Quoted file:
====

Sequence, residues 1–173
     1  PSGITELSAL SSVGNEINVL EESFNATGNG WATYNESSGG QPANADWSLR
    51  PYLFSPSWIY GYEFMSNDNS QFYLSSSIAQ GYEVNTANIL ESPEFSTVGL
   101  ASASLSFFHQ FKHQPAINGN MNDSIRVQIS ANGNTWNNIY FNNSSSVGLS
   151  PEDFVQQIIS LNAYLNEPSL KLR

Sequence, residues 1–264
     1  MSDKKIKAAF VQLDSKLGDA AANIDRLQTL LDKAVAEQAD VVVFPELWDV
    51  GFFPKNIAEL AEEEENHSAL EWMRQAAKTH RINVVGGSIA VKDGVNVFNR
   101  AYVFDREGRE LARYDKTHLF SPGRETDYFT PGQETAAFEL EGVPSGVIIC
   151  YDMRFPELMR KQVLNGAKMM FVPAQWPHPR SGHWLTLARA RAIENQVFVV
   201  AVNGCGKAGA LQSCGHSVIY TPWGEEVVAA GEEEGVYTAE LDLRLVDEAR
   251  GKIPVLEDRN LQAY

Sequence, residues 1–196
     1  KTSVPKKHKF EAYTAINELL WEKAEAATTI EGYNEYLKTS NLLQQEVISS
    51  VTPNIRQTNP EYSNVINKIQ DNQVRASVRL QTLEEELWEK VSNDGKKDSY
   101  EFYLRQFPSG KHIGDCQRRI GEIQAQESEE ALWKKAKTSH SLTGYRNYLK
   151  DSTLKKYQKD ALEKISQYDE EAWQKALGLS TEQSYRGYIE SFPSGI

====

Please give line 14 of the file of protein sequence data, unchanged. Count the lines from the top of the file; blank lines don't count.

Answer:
     1  KTSVPKKHKF EAYTAINELL WEKAEAATTI EGYNEYLKTS NLLQQEVISS